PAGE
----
What if there were no bosses? If there were no office hours, no vacation policy, how would the people make decisions? If there were no one watching, what would lead them to make good decisions that cared for the business and your customers? What if the ultimate responsibility were theirs?
This may sound Utopian - or foolish, depending on your perspective. But it's increasingly the reality of business. In our industry, it's here.
We're asking for your support for the family of our great friend and digital advertising pioneer Joe Gallagher, who we lost tragically and unexpectedly this summer. We've set up a GoFundMe page to raise scholarship funds for Joe's kids. Any and all contributions are greatly appreciated and 100% will go to the Gallagher family. Thank you for your generosity.
The combination of big territories, big employee-to-manager ratios, distributed locations and the raw speed of business means that employees are making their own decisions much of the time. Your policies and caps and meetings and policy reviews simply can't keep up with the pace of business. Control-based top-down rules and approvals end up looking foolish and bureaucratic.
So, what then?
This is not to say that policies and rules are obsolete (a zero-tolerance policy for sexual harassment, for example, is an excellent one). But regardless of how much you elaborate on the rules, you need your employees to make judgments... sound, moral, positive judgments. And the only way to get there is to establish a culture of values. Here are the four values that I recommend to my customers; each is personally controllable by the individual and helps him/her make better decisions both internally (with team members) and externally with clients. Share them, talk about them.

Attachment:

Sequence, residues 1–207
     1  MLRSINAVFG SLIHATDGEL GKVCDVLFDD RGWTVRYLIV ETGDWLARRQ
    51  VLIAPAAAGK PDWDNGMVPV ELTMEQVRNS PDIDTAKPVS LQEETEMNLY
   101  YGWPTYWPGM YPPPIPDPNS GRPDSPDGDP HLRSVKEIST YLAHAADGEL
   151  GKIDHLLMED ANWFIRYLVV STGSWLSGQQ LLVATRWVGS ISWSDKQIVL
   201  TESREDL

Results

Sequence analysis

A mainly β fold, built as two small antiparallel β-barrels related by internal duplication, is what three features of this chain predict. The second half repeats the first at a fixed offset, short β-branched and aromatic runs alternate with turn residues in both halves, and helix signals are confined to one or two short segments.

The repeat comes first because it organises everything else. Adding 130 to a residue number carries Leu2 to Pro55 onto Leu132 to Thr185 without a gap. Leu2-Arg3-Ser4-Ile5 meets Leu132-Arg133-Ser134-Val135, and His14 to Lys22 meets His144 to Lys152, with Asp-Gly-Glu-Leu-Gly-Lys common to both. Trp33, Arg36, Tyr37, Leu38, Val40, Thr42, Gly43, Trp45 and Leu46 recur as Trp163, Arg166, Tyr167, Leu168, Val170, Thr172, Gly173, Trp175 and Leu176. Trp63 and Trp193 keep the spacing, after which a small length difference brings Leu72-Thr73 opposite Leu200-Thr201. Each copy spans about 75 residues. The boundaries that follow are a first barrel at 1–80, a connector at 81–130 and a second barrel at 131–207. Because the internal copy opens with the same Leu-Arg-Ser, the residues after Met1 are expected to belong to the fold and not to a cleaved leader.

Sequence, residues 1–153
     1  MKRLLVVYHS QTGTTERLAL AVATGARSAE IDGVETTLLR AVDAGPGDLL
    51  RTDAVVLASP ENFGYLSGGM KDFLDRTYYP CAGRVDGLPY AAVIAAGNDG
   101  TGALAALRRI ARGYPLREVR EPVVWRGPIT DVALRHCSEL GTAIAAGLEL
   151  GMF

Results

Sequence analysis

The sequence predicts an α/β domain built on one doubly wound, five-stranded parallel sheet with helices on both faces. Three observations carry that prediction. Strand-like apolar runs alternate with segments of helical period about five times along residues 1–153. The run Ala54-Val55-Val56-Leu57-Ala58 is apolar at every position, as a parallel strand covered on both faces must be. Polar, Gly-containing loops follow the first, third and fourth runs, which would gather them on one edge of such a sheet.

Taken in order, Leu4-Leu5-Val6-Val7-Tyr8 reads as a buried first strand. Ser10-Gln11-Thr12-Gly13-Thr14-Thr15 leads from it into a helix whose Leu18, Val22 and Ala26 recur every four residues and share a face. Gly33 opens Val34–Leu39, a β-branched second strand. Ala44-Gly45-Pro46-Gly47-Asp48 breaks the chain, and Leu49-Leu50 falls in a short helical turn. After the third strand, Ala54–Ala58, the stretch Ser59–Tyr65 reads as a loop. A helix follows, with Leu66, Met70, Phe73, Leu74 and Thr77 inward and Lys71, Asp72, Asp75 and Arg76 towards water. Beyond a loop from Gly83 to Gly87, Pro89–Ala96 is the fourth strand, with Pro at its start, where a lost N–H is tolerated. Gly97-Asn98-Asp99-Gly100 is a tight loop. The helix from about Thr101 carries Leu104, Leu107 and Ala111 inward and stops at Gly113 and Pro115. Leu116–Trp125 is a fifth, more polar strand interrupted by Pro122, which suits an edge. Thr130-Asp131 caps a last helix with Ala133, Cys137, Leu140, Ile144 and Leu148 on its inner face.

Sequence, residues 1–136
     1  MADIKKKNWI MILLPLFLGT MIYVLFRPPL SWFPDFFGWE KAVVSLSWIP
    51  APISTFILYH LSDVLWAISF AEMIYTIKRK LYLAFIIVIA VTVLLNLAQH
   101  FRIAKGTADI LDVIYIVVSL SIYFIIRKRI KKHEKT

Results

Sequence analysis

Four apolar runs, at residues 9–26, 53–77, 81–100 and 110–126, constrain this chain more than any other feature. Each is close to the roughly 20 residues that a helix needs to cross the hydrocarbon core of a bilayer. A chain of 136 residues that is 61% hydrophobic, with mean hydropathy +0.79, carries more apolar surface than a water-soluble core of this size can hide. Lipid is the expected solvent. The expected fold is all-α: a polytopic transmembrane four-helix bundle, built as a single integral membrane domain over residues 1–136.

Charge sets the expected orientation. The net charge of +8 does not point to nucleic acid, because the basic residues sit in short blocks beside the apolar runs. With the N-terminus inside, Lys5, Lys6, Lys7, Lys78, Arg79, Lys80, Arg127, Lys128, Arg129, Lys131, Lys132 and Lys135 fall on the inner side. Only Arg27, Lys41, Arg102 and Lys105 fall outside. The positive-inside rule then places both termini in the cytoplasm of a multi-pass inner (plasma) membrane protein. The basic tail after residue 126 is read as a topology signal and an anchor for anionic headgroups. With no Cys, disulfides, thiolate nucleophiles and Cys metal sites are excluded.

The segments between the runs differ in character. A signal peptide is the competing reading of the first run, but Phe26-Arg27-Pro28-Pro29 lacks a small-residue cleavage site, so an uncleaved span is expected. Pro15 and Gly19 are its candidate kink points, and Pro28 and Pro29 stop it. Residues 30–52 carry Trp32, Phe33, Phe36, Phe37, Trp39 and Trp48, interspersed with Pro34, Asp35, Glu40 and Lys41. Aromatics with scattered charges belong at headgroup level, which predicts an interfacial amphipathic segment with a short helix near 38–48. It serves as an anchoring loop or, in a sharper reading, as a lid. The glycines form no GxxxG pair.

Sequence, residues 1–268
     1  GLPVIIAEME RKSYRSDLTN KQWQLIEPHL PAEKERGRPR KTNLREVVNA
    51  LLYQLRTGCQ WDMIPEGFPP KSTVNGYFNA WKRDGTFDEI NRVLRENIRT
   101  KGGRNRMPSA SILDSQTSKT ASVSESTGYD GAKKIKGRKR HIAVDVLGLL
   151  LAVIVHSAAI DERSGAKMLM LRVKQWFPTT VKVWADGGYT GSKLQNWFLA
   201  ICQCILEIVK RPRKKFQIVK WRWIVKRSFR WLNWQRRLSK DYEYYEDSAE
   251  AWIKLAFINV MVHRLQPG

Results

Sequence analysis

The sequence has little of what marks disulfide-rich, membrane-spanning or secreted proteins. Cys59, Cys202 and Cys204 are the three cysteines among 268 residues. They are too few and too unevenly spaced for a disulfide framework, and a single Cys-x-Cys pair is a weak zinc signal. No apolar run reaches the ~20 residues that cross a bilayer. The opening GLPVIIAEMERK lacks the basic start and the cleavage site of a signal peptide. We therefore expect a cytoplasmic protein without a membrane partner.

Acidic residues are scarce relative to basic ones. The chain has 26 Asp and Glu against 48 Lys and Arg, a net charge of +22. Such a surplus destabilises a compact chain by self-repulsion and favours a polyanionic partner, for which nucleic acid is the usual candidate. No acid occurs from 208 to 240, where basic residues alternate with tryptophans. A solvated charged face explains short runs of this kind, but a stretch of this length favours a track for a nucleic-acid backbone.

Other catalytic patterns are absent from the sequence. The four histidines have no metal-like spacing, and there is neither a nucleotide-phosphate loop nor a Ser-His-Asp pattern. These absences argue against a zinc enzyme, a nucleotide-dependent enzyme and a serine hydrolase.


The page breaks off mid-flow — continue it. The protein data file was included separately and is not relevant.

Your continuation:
Be Curious. Healthy, appropriate curiosity leads one to ask more and better questions of customers and coworkers. It generates true empathy. It builds trust and connection. Curious people want to know how things work, more about the customer's business...more about their co-worker's role and queue.
Be Generous. Those who are generous don't keep score. They continue to treat customers like customers even when there's no big jackpot in front of them. They give coworkers the benefit of the doubt. They don't infer motives that are not there. They help others. They focus on making a difference while also making a profit.
Be Tenacious. Tenacious employees go the extra mile for customers and coworkers. They don't accept the easy, obvious answer. They stay with the conversation, the project or the problem - that much longer. They take the time to examine the situation fully.
Be Worthy. Worthiness is about the journey, not the destination; about the quality and excellence of work and effort, not just about the score. It's not about getting... it's about deserving. Deserving the customer's trust, deserving the best efforts of your coworkers, deserving the job you have and the success you crave. As John Adams said, We cannot assure success. We can only deserve it.
If you want your team to thrive, let them make the decisions within a culture where values are the dominant drivers. Then get out of the way.
Subscribe to The Drift
Receive weekly perspective and actionable insights for digital sellers sent every Wednesday.